Annuity in which premium payments are used to purchase accumulation units, their number depending on the value of each unit. The value of a unit is determined by the value of the portfolio of stocks in which the insurance company invests the premiums. At the time of the payment of benefits to the annuitant, the accumulation units are converted to a monthly fixed number of units. The variable element is the dollar value of each unit. For example, assume that the annuitant pays a monthly premium of $100. If the accumulation unit value during one month is $50, two units are purchased. In another month, if the value of the accumulation unit is $25, four units are purchased. In a third month, the value of the unit is $10, resulting in the purchase of 10 units. This allows the market use of the investment strategy of dollar cost averaging. Accumulation units are credited to the annuitant's account, a procedure that is similar to purchasing shares in a mutual fund.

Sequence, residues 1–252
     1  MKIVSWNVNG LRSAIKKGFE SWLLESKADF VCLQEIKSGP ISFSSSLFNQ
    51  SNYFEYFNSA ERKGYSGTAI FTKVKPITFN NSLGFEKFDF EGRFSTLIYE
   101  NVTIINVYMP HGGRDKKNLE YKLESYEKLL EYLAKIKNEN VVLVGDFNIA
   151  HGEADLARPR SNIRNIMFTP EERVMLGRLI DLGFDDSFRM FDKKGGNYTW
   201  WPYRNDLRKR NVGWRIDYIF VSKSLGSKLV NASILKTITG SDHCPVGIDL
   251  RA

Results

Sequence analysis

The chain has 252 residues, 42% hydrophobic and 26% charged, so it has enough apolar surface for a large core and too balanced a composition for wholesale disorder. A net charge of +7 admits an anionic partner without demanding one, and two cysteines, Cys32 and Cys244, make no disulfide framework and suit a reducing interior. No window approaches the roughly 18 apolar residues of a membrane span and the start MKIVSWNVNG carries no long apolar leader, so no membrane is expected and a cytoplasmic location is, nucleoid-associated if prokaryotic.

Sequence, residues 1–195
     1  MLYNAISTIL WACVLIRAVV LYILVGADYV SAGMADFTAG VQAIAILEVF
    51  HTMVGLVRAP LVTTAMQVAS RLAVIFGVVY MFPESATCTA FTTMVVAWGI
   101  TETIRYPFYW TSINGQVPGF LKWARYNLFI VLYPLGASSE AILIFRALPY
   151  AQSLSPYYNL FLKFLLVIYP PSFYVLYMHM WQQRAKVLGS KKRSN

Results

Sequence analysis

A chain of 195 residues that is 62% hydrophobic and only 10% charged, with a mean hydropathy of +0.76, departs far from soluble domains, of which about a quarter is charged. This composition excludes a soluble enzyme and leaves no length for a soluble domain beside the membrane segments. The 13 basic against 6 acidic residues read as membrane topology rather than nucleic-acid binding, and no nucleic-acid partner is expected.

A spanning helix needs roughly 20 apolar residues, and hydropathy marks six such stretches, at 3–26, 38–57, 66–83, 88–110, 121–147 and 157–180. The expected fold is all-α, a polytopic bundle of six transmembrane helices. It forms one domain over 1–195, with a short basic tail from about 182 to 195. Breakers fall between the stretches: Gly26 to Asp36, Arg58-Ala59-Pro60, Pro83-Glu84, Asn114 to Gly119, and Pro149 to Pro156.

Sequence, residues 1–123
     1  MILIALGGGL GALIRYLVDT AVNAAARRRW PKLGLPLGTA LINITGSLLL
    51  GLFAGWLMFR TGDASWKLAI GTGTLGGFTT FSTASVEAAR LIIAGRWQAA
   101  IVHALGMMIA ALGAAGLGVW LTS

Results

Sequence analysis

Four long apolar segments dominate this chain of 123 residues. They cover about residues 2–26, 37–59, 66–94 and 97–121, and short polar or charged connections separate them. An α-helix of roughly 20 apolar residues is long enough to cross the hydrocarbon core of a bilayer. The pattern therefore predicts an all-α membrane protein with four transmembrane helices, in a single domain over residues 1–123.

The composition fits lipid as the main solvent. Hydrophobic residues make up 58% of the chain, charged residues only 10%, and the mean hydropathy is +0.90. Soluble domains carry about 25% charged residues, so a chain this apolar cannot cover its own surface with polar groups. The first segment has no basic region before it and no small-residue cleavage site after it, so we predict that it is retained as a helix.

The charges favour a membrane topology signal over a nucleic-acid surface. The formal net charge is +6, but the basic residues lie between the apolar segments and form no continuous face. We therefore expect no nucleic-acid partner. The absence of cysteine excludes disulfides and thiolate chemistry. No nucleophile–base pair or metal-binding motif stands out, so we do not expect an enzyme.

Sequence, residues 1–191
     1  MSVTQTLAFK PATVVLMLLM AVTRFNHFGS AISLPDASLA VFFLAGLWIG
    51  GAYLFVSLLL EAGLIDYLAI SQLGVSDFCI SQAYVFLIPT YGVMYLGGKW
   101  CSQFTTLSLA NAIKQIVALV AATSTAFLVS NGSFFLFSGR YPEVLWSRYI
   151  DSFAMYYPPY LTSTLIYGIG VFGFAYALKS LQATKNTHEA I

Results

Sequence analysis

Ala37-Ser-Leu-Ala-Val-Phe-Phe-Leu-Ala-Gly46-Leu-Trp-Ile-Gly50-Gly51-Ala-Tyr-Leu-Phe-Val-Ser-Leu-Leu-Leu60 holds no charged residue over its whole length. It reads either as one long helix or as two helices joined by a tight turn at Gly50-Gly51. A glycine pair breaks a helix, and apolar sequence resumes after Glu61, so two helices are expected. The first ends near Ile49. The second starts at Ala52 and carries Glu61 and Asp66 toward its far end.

When income benefits are scheduled to begin, total accumulation units are converted to assume 100 income benefit units per month. The value of the income unit will vary according to the company's stock investments; in one month the annuitant's income might be $1000, in another month $500, in another month $1200. Changes in the investment experience by the insurance company are passed on to the annuitant, but the company absorbs fluctuations in expenses and mortality experience.